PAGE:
The U.S. Environmental Protection Agency’s proposal to cut the amount of corn ethanol required under the 2014 Renewable Fuel Standard by 10 percent will affect corn prices and rural economies, farmers plan to tell the agency at a hearing set for Thursday outside the nation’s capital.
More than 30 corn farmers and their allies from around the country are traveling to Washington for the important public hearing. Growers from NCGA will be present representing 13 states — Illinois, Indiana, Iowa, Kansas, Maryland, Michigan, Missouri, Nebraska, North Dakota, Ohio, Pennsylvania, Virginia and Wisconsin. David Howell of Middletown, Indiana is among those scheduled to speak.
“It’s great to see so many people willing to leave their farms at this time of year for an important opportunity to give the EPA a piece of their mind,” said NCGA First Vice President Chip Bowling, a Maryland corn grower scheduled to speak at the hearing. “This has already had a negative effect on our farms, and if the EPA gets its way, it could cause serious harm to the rural economy – not to mention cutting the environmental benefits of domestic, renewable ethanol.”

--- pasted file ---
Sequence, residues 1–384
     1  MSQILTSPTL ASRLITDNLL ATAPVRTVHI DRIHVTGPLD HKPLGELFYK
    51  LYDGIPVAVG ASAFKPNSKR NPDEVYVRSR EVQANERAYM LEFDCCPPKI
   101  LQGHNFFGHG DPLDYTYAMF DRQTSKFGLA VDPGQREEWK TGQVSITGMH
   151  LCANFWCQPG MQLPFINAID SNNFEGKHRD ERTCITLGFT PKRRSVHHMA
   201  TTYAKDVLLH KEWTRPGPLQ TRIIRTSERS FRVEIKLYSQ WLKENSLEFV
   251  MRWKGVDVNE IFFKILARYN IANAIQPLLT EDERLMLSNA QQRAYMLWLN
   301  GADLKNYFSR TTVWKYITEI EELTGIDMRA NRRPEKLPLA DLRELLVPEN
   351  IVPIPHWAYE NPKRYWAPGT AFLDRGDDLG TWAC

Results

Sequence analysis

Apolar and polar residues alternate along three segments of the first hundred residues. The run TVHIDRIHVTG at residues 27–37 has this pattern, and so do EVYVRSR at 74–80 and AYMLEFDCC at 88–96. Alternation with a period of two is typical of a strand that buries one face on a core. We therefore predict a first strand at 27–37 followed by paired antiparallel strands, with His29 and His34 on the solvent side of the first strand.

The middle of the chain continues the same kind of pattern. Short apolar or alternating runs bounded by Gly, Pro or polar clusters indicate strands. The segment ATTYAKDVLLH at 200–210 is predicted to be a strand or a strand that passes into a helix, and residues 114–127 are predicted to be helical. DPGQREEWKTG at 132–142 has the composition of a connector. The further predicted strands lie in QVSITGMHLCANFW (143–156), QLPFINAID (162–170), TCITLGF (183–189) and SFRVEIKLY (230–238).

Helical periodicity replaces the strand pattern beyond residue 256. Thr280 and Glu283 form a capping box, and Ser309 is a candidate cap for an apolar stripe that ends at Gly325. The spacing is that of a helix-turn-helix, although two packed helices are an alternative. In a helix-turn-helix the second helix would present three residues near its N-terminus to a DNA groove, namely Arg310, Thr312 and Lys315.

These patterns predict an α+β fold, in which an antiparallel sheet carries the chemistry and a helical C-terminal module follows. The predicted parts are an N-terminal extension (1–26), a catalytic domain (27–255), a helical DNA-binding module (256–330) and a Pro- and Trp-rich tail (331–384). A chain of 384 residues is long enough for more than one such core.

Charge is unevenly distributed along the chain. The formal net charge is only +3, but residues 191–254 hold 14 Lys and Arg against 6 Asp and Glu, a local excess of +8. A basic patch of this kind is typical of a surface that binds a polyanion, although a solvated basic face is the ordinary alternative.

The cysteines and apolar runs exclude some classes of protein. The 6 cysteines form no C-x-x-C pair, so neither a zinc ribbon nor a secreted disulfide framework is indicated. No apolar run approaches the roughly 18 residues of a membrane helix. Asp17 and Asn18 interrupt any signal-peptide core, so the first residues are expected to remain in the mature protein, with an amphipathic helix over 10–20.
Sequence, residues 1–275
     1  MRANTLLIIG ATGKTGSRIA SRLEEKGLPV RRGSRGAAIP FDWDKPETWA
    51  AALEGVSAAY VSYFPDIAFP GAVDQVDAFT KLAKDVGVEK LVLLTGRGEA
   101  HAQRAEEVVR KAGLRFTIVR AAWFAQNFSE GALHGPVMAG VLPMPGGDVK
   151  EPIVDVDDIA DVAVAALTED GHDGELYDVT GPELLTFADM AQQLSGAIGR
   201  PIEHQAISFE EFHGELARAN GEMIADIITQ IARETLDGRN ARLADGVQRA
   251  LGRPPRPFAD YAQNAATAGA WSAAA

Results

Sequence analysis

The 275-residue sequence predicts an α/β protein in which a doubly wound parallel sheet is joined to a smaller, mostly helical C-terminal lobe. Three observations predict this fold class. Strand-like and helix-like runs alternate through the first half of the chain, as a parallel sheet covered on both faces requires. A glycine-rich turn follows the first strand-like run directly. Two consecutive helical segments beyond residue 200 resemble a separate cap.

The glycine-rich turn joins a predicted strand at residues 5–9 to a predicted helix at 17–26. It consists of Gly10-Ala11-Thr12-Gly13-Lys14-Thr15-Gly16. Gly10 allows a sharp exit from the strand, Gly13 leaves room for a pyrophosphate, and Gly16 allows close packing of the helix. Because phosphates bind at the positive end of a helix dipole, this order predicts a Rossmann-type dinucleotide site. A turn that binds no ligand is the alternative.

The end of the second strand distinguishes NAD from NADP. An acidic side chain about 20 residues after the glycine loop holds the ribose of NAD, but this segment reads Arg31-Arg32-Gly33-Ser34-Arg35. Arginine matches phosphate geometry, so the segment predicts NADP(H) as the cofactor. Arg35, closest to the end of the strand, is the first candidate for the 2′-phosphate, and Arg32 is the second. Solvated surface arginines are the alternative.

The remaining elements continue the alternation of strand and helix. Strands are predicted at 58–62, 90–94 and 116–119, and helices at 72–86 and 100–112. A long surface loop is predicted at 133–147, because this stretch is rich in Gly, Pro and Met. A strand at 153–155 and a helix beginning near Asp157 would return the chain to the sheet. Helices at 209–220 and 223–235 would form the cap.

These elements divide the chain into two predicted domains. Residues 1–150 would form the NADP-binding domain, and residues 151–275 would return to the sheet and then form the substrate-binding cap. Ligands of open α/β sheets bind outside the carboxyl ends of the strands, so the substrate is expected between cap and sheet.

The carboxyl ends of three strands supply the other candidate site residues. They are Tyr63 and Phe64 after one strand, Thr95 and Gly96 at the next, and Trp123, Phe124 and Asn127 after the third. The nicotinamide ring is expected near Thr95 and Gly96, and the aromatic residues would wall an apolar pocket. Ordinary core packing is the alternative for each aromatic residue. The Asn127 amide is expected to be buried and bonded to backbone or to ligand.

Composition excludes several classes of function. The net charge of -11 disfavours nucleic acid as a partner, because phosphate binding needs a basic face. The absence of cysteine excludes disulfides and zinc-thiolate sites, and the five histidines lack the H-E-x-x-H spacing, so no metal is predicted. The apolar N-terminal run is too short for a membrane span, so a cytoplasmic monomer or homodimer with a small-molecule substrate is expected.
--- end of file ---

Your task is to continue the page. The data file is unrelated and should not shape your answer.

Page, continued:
For 2014, the EPA has proposed a 1.4 billion gallon reduction in how much corn ethanol will be required under the RFS, the federal law that requires the blending of domestic, renewable, cleaner-burning corn ethanol in the nation’s fuel supply. Because of the record crop, growers are already seeing corn prices falling below the cost of production, and due to the planting cycle are having to buy inputs such as fertilizer, seed and fuel at much higher prices, Bowling said.
NCGA strongly urges all its members to comment directly to the EPA about this issue before the Jan. 28 deadline. More information about how farmers can do this is available online at www.ncga.com/rfs.